The freelancer life is a hard one. If you’re lucky, you lock down a couple of solid clients who pay reliably; but even the most experienced freelancer will inevitably find work drying up for (hopefully short) periods.
A recent (pre-COVID) study by UpWork, which surveyed more than 6,000 freelancers in the U.S., emphasizes what workers already know: Freelancing has become a long-term career choice for many. “Skilled services” such as programming, consulting, and IT made up 45 percent of freelancers.
Some 77 percent of UpWork’s respondents said that technology had made it easier for them to find work. But knowing how to write code or hunt down a bug wasn’t the only valued skill among freelancers: Some 78 percent of them said that “soft skills are at least equally as important as technical skills to succeed in their work.” (That seems like something that wouldn’t change, whether or not there’s a viral pandemic shifting the very nature of work.)
Combine that with 81 percent of respondents saying that they need additional training, specifically in networking and growing their career, and it’s clear that knowing how to interact with people in a business context is paramount for freelancers, despite all the jokes about how freelancing is a job you can do in isolation, from your couch, pants optional.
‘Office’ Soft Skills vs. ‘Freelancer’ Soft Skills
Deploying your “soft skills” (such as empathy and communication) in a freelancer context is obviously a little bit different than in an office environment (or a virtual office environment, at least for the time being). For starters, freelancing—particularly the remote variety, where you may never walk into any kind of office environment—doesn’t involve the same kinds of office politics that full-time employees face on a daily basis.
But just because many freelancers will never have to negotiate a company hierarchy in the same way as full-time employees doesn’t mean that some of the top soft skills tips won’t apply to both groups. Whether freelance or full-time, when applying for new jobs, it’s important to emphasize your use of teamwork and aptitude for collaboration, because even the most isolated, homebound freelancer will likely need to work with others at some point.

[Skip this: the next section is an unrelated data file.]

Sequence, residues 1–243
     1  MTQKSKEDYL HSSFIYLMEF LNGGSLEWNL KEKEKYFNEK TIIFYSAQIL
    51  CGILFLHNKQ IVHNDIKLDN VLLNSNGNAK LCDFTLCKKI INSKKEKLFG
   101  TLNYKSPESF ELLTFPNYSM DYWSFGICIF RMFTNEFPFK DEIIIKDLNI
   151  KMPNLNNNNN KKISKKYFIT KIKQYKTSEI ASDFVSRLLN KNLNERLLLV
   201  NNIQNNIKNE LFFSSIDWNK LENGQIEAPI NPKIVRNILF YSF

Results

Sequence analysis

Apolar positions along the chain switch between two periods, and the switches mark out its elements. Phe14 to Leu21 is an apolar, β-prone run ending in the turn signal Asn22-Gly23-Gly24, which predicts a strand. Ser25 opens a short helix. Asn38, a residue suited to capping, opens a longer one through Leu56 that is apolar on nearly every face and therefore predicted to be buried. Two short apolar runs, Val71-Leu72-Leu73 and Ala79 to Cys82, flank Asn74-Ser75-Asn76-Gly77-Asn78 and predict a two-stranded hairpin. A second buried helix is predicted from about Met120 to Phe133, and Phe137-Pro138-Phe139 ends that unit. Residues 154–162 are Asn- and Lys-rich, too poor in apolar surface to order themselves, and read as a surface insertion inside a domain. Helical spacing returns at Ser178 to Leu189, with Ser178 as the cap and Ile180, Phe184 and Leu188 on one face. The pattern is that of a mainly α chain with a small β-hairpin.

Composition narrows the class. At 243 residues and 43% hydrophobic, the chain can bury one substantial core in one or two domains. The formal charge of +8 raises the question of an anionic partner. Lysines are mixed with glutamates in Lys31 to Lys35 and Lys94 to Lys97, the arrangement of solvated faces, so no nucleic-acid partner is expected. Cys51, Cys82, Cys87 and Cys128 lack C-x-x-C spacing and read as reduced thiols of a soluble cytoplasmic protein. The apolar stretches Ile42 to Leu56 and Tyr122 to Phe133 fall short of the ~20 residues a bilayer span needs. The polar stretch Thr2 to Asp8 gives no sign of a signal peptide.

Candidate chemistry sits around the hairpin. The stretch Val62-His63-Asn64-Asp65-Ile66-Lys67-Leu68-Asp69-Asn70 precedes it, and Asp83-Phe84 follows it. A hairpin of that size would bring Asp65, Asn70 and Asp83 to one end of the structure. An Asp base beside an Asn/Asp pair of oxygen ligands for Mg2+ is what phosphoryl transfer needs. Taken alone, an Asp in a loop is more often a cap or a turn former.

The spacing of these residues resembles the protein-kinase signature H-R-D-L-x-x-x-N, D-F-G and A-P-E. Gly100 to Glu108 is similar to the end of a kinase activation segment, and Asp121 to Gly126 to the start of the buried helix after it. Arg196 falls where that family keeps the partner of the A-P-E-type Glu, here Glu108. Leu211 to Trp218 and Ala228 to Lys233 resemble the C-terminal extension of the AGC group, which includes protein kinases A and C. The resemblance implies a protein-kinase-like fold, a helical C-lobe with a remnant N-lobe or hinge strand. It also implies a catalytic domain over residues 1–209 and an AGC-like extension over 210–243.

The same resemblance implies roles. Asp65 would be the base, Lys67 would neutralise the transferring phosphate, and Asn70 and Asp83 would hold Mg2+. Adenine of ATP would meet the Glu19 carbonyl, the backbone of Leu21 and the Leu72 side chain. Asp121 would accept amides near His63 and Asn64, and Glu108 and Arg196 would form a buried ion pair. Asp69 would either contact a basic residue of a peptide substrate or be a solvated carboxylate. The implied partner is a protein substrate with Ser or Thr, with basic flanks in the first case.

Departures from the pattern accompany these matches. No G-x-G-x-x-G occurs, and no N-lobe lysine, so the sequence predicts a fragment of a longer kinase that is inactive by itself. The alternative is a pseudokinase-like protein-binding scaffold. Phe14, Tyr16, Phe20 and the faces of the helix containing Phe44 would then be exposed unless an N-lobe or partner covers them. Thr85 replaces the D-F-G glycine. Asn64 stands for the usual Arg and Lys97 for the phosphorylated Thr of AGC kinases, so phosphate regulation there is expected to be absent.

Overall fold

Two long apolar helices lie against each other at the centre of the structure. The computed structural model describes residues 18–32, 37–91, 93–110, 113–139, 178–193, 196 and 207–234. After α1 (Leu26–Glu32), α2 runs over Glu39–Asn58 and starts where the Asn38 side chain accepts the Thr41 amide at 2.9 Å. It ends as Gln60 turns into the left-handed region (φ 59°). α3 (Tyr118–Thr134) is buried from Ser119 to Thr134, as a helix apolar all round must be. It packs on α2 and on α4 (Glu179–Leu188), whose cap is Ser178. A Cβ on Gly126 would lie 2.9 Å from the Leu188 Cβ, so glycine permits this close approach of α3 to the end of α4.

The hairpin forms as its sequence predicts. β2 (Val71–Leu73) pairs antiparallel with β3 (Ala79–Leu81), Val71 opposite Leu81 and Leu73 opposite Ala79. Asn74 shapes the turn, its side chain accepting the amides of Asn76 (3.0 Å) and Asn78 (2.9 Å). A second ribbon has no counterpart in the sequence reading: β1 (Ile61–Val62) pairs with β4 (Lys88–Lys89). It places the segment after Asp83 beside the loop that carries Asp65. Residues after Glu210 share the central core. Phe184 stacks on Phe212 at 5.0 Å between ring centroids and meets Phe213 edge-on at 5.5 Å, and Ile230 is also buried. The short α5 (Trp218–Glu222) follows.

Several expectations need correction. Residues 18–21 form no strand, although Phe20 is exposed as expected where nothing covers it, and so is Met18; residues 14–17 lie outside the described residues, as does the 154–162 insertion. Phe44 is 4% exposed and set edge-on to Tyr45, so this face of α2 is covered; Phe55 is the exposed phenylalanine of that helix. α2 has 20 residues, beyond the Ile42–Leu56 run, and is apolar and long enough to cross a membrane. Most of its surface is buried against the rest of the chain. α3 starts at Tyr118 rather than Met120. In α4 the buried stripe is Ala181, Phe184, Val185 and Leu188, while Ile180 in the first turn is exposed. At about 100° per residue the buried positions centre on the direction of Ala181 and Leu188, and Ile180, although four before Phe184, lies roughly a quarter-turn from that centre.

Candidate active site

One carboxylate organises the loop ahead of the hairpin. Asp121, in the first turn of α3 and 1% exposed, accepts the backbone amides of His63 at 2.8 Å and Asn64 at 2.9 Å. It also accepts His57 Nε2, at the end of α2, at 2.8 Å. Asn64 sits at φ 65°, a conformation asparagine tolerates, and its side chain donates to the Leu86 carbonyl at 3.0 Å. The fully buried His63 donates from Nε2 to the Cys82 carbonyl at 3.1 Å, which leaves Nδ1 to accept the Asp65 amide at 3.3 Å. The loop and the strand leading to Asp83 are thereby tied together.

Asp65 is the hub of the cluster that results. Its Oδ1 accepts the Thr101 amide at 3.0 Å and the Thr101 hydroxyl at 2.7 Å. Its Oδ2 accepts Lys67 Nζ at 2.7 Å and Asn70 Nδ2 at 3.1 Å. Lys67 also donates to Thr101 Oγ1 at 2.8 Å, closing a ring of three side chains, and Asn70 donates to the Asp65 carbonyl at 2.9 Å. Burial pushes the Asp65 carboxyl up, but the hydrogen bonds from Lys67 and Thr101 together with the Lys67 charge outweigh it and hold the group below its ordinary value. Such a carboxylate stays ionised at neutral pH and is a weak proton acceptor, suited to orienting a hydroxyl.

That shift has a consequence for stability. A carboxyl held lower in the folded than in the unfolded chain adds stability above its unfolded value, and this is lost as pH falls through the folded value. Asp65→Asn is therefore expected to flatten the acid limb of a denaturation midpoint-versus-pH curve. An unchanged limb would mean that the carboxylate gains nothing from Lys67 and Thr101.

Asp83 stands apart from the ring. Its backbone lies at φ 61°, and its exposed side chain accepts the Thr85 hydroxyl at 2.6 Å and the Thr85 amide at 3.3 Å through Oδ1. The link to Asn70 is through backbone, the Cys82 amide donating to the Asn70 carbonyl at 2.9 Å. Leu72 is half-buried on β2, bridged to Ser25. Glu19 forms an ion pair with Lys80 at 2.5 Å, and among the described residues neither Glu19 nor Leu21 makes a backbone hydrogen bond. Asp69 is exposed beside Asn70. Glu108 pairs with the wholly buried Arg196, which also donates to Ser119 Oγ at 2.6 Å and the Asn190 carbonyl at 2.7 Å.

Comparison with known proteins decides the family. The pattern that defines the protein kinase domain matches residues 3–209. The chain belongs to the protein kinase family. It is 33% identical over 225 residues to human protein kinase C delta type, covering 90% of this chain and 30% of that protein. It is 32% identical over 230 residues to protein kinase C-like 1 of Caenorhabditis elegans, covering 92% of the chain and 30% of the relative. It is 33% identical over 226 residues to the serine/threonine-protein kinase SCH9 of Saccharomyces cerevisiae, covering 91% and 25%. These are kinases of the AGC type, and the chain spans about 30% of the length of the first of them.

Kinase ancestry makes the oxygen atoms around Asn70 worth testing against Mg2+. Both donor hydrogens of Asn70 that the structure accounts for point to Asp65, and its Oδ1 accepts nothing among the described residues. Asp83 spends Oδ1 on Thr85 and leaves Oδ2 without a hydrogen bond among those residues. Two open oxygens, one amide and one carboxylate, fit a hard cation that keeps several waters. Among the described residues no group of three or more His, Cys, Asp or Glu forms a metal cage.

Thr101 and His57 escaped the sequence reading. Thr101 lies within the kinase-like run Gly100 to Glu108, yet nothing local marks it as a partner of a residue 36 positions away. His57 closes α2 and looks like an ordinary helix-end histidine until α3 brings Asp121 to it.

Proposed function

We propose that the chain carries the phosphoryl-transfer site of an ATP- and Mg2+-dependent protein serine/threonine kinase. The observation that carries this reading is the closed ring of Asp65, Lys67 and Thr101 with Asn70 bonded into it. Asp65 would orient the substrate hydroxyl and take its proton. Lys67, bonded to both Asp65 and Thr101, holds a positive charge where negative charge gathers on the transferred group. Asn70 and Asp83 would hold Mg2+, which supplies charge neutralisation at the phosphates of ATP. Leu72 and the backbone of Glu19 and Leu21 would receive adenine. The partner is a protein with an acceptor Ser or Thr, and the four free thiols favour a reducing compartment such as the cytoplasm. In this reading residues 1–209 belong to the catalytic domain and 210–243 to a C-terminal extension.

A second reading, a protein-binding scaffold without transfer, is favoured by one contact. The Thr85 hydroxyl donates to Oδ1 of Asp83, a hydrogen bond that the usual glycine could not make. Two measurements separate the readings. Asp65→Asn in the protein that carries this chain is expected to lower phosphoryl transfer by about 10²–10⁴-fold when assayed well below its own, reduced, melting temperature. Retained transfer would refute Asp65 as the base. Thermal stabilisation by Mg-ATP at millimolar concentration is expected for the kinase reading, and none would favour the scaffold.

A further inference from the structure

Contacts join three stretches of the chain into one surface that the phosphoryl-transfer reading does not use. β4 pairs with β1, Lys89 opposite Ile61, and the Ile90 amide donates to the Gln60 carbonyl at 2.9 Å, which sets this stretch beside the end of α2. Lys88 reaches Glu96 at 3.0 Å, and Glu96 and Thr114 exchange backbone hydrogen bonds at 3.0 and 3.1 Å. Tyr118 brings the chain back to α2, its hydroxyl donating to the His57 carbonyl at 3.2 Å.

In a similar vein, freelancers must take pains to underscore their sterling communication and collaboration skills. Office workers are often given a bit of flexibility when it comes to responding to emails, delivering work product, and so on; if worst comes to worst, a manager or colleague can simply walk over to a worker’s desk for an answer or update.
But freelancers don’t have a desk twenty feet away from the person managing them, so the game is a little bit different. Simply put, many teams will freak right out if a freelancer doesn’t respond promptly to an email or phone call; there’s also the suspicion on the part of many managers that freelancers can’t collaborate with the same degree of closeness as full-time employees.
In light of that, it’s important for freelancers to collaborate tightly, “check in” often, and make sure that all communications are returned as quickly as possible. These kinds of soft skills are absolutely essential if you want the client to renew your freelancing contract for another term.
Observation and listening are also key for freelancers, especially since much of their communication with a client might be asynchronous and conducted by quick phone calls and one-line emails. When you’re far away from an office, it’s easy to lose sight of how you fit into a company’s strategic roadmap; it’s worth asking yourself (and your manager) periodically how your work fits into that broader context.
The further away you are from office politics and hierarchy, in other words, the more effort you should devote to getting to know the people you work with. Communicate frequently, empathize with their issues, and make sure to respond to feedback as quickly as possible. One of the keys to a successful freelancing career is a long-term relationship with your clients, and soft skills are perhaps the biggest part of that.